Brain Implant

Experiment: NeuroProsthetics

What will you learn?

In this lab you will learn about neuroprosthetics, a very new discipline combining neuroscience, engineering, robotics, and physics.


One of the exciting developments of the first decade of the 21st century has been improvements in neuroprosthetics! But, you may ask: “what are neuroprosthetics?” A neuroprosthetic is a device that replaces the function of a damaged body part and interfaces with the nervous system. For example, Luke Skywalker in “The Empire Strikes Back” had a robotic hand installed after Darth Vadar cut it off. And since Luke Skywalker could control his robotic hand by simply thinking about it, his robotic hand no doubt interfaced with the surviving nerves in his arm.

In a continuing mystery to science, neurons in the mammalian brain and spinal cord do not regrow (unless you count a small population of neurons in the memory (hippocampus) and smell (olfactory) parts of the brain).

Brain Implant

Thus, given current technology, in order to fix brains and spinal cords, sometimes engineers and doctors try to bypass the site of injury through electronic and computer means. For example, if someone breaks their spinal cord above a certain point, they are confined to a wheelchair. But, the muscles in their legs are still alive, and the brain can still make commands like “I want to move my leg.” The message, however, cannot travel from the brain to the leg muscles because the spinal cord is damaged.

Enter neuroprosthetics! Somehow, if you could “read out” the command signal from the brain, and use it to stimulate muscles or a robotic limb, you’d have a neuroprosthetic! In fact, a research group in Pittsburgh has used this technique to train a monkey implanted with electrodes in his brain to control a robotic arm to feed itself!

We will demonstrate basic principles of neuroprosthetics using two natural cockroach legs.

Bionic MonkeyProcedures

In addition to the equipment above, you should buy a Y-splitter and two Speakers from your nearby RadioShack. To begin, put a cockroach on ice water, and then cut off two of its rear legs. Return the cockroach to its house, but consider the cockroach now retired from scientific service. You don’t want to cut off anymore than two legs, and the cockroach can still get around pretty well with only four legs. Place the two cockroach legs on the cork of your SpikerBox, and hook up one leg to the SpikerBox in the standard way as in experiment one. Now:

  1. Plug the Y-splitter into the SpikerBox.
  2. Plug the two patch cables into the Y-splitter.
  3. Plug the two RadioShack Amplifier/Speakers into the other ends of the two patch cables. One Amplifier/Speaker is for simultaneously listening to the spikes while doing your experiment, and the other Amplifier/Speaker is for stimulating the muscles of the second leg (the SpikerBox alone does not generate enough voltage to stimulate the leg; that’s why we have to go through a secondary amplifier).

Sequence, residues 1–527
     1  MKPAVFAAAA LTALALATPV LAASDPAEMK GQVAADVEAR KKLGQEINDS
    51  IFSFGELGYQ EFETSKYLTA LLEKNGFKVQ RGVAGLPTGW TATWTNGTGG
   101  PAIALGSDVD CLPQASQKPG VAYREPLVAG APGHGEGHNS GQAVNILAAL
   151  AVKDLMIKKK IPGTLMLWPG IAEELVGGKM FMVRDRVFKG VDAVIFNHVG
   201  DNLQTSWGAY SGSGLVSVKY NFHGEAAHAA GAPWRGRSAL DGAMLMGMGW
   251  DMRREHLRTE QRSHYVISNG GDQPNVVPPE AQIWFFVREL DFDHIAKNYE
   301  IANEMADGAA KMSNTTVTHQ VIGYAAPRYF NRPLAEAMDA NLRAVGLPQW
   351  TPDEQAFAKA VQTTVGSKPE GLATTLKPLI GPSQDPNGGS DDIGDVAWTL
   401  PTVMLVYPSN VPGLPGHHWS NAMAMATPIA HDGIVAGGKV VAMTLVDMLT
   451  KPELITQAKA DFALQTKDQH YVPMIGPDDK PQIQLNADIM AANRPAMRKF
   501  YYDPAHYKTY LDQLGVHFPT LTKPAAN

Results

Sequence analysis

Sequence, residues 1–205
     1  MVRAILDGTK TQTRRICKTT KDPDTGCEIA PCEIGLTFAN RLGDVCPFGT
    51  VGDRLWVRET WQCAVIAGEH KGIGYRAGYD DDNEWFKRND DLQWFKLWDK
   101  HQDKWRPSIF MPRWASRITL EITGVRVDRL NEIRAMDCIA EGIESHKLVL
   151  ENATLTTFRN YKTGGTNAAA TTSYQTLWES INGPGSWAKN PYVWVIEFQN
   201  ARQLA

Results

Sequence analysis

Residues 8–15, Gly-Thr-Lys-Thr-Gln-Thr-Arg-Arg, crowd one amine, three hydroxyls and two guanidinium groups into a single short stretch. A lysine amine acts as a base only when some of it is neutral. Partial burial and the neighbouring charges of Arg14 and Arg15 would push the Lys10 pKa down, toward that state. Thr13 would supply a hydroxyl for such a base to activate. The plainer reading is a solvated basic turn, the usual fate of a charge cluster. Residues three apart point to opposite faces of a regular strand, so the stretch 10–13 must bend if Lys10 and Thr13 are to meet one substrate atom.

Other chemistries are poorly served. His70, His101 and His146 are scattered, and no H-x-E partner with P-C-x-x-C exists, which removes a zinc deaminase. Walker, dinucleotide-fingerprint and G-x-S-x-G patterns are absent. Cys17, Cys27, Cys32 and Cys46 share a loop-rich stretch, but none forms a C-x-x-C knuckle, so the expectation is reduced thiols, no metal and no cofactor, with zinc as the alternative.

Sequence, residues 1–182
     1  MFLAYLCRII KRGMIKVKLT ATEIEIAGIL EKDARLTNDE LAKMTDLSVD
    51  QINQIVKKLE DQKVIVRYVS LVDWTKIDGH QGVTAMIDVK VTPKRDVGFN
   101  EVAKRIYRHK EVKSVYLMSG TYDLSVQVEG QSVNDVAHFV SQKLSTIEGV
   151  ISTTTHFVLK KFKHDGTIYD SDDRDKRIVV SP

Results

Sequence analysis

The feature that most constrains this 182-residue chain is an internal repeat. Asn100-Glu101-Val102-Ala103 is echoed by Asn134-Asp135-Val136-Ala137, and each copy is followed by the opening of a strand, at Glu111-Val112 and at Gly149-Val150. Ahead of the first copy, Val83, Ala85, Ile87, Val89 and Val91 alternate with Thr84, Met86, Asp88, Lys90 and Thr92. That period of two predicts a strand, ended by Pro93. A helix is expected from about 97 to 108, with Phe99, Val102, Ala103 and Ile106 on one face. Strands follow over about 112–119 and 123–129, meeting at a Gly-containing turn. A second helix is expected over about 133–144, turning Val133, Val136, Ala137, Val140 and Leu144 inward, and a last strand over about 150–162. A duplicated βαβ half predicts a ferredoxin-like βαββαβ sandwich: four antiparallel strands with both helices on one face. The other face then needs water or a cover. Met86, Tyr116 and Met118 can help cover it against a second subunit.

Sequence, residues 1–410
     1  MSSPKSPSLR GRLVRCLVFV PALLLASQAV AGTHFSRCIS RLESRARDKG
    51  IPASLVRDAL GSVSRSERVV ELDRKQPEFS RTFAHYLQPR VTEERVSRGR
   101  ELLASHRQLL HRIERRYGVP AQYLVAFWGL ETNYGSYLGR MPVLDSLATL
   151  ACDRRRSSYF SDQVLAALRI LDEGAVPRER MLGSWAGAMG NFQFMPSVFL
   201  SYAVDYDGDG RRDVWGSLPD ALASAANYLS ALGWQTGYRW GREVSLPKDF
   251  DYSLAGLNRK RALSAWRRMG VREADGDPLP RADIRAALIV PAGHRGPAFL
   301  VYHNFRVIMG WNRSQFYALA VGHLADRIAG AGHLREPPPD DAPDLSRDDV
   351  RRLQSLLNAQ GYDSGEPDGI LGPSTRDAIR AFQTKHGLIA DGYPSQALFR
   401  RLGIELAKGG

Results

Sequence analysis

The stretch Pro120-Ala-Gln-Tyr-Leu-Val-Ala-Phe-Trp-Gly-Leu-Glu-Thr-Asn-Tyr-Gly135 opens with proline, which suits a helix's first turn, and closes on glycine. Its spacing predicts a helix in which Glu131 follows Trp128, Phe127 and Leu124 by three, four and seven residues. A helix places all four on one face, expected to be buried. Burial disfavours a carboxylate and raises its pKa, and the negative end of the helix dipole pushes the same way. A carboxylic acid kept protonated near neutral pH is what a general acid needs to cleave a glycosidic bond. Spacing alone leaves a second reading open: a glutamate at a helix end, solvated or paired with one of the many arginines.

4. Plug the Stimulation Cable into one of the amplifiers.
  5. Place two needles into the second cockroach leg, and hook up the stimulation cable to these two needles.
  6. Turn on one of the amplifier/speakers to hear the spikes, and then turn on the second amplifier (the “stimulating” amplifier). The stimulating leg will move briefly due to capacitative discharge when the amplifier is turned on. Slowly turn up the volume on the stimulating amplifier until the leg starts twitching. Then, turn the volume down below this point. You are bringing the leg just “below threshold” when you do this.
  7. Now, begin brushing the leg that is hooked up to the SpikerBox. What do you see? Do you notice any different effects on the stimulated leg based on different spike rates?

We thank the high school students of Clarkston Math, Science, and Technology Academy for suggesting we design an experiment demonstrating neuroprosthetics. We’d also love to say we were the first to pull off this preparation, but quite serendipitously and unknown to us, our friends Mohsen Omrani and Ethan Heming at Queens University in Kinston, Ontario first successfully demo’d the preparation a full three hours before we tried it out, on the same day [May 25th, 2011]!

2013 Update

Instead of using the cockroach leg as the input signal to drive another cockroach leg, you can try a human electromyogram (EMG) as the input signal, using our EMG SpikerBox. In this setup, the EMG SpikerBox has enough voltage to directly connect to the cockroach leg — you do not need to secondary RadioShack amp (as above). Simply plug the stimulation cable into the EMG SpikerBox, and you are ready to go!

Science Fair Project Ideas

  • For when you’re hooked up to the leg: If you flex and hold, which seems to fatigue faster-your muscle or the leg? Why is that? Do some muscles work better than others for getting a response from the leg?

Source: Experiment: NeuroProsthetics

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